August 11, 2009 6:04 PM ET
By Kathleen Hart

Senate Majority Leader Harry Reid, D-Nev., said Aug. 10 that Congress should provide FERC with the power of eminent domain to site electric transmission for renewable energy.

“We have 120-some-odd agencies that have a lock, a stranglehold on the ability to move electricity. They are antiquated; they’ve been in existence for more than 100 years, most of them, and they stop power from being transmitted,” Reid said Aug. 10 at the second National Clean Energy Summit in Las Vegas, which he co-hosted. “We have got to give FERC the same power with electric transmission that they have for natural gas.”

While the United States has vast potential to produce solar energy and wind energy in rural areas, transmission lines are needed to bring the electricity to load centers, Reid said. “What good does it do to produce a lot of energy if you have no place to take it? And that’s what’s happening all across America … because it’s so difficult to get a power line built,” he continued. “We need a smart grid. What does that mean? It means a superhighway to take the power where it’s needed.”

Charging that the average time to build a power line in America is 19 years, Reid said: “It’s obvious we’ve got to do something about that.” The national railroad system, the interstate highway system, all the natural gas pipeline systems could not have been built without the power of federal eminent domain, he said, adding, “I will not be satisfied with an energy bill unless it has a strong component that allows transmission.”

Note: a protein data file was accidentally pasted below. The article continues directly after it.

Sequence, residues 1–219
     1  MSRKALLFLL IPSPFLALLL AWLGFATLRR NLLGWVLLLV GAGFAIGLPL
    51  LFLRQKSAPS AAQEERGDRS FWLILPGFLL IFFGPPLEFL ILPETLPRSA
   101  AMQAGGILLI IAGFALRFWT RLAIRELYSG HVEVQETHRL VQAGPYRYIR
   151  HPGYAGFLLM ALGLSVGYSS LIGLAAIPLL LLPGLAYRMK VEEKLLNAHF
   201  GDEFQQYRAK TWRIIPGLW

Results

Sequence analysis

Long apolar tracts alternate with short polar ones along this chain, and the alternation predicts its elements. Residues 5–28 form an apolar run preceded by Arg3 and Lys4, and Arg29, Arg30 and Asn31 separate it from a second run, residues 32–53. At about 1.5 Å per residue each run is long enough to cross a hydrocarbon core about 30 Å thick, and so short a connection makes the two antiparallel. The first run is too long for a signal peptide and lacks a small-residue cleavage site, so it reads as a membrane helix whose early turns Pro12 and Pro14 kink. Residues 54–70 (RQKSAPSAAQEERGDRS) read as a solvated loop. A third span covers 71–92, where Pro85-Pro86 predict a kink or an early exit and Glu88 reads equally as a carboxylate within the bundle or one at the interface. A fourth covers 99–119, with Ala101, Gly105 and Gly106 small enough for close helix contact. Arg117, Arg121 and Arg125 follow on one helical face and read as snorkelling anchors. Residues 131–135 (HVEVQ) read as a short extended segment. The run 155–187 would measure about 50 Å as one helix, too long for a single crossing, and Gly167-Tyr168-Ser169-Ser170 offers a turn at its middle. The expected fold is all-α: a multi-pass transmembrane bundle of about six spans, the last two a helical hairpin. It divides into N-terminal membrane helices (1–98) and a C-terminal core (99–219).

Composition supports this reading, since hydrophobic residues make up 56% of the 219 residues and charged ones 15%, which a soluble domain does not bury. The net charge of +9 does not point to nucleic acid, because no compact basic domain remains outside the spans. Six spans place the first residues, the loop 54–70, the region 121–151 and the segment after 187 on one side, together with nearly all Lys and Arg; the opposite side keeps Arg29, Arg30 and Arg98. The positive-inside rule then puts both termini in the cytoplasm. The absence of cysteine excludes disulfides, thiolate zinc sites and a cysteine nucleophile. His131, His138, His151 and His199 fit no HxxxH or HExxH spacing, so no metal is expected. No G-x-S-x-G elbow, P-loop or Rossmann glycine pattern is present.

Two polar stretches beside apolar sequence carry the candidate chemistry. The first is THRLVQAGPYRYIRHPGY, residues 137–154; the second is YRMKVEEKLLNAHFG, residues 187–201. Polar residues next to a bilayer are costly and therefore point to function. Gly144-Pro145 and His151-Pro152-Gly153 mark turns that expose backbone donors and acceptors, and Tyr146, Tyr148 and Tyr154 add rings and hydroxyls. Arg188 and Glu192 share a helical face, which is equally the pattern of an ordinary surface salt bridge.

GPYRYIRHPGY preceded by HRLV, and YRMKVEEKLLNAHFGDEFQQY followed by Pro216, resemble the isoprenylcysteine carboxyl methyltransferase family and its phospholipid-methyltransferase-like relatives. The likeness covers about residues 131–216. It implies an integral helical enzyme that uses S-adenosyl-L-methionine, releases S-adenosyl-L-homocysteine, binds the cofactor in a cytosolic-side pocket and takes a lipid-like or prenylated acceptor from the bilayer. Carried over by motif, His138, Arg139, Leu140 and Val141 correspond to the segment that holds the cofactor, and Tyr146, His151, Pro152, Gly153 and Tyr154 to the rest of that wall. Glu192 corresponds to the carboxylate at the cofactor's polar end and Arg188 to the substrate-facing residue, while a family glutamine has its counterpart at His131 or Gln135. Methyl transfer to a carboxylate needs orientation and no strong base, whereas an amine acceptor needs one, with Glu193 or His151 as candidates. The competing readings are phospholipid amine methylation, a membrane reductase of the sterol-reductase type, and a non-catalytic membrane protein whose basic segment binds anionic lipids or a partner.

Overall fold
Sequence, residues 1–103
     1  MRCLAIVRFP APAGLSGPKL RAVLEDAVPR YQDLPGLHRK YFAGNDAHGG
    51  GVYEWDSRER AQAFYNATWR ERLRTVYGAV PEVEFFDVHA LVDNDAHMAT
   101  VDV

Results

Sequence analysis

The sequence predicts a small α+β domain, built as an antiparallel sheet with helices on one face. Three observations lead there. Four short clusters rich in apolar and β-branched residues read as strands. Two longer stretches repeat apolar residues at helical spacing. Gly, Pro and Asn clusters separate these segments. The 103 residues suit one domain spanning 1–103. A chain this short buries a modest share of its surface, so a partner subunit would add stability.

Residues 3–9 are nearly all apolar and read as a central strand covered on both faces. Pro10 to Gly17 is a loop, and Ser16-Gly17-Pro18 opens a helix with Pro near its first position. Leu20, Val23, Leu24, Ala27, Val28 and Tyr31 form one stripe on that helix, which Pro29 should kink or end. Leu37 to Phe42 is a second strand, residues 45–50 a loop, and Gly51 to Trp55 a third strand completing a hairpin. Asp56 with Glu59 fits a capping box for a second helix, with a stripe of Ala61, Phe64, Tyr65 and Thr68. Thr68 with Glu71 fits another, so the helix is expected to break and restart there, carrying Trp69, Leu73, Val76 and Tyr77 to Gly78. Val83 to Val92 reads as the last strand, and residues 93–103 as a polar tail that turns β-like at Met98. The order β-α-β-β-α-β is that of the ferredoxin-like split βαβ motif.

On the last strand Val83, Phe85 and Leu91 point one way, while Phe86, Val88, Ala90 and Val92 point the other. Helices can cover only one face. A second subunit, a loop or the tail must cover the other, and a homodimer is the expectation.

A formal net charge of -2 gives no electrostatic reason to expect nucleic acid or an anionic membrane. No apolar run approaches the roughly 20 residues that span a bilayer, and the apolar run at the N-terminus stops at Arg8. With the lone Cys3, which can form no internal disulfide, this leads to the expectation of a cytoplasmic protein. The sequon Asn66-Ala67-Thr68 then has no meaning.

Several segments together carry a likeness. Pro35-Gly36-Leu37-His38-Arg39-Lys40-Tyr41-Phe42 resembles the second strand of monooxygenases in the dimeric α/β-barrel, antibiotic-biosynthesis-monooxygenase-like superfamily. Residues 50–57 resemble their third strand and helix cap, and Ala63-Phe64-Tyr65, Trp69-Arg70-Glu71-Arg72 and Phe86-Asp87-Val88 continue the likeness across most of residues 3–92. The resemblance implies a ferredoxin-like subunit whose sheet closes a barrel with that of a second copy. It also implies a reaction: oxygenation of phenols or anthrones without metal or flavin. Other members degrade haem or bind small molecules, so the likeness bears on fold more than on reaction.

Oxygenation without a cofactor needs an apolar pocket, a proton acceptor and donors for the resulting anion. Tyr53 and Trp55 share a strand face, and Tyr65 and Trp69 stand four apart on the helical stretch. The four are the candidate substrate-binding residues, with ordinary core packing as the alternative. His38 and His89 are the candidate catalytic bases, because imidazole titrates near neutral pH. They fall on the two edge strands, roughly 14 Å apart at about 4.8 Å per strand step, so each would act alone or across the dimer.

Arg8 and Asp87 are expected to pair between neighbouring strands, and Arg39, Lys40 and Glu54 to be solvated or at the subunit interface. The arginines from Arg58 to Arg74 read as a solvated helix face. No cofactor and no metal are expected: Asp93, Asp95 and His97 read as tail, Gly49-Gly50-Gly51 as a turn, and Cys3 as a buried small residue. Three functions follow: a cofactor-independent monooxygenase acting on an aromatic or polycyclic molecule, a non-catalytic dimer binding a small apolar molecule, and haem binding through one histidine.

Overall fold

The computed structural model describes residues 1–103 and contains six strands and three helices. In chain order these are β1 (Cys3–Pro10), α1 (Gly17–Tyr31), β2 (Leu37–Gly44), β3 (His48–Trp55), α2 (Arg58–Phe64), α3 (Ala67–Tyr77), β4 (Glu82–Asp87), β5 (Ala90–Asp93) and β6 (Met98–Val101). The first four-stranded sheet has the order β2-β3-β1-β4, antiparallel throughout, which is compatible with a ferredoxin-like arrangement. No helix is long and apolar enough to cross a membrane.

Reid said that while the current Congress has been productive, he insisted that it will be necessary to pass comprehensive energy legislation, including a provision to address global warming. “There are some things that we’ve done regarding focusing on global warming. We’ve raised [corporate average fuel economy] standards, but so minimal — and they’re done in a scattershot way.” He did note that the economic recovery bill Congress passed contains tens of billions of dollars directed to addressing global warming.

Reid argued that Congress should “do energy legislation as a package. We have to have a renewable portfolio standard. We have to do something that deals with appliances. We have to do something that deals with efficiency. … We have to do something about producing batteries that’s meaningful.”

Siding with FERC Chairman Jon Wellinghoff, who recently made the case for the nation making use of natural gas as a “bridge” to a clean energy future, Reid said the United States has to “do something with our own energy, especially natural gas.”

Wellinghoff told the Senate Environment and Public Works Committee Aug. 6 that the United States should consider using natural gas as a “bridge” to take the nation from the current mix of electricity generation to a low-carbon energy future. Noting that the United States probably has more than 100 years’ supply of natural gas, Wellinghoff argued that it would make sense to use natural gas — combined with wind, solar, geothermal and other renewable resources, in addition to energy efficiency and demand response — as a bridge to a low-carbon energy future.

“Our natural gas supply resource base has been increased by more than 50% in the last three years. We’ve found vast amounts of new natural gas that we never knew existed before,” Wellinghoff said. “We need to look at that, consider that, as how it can fit into the bridge of getting into a low-carbon society.”



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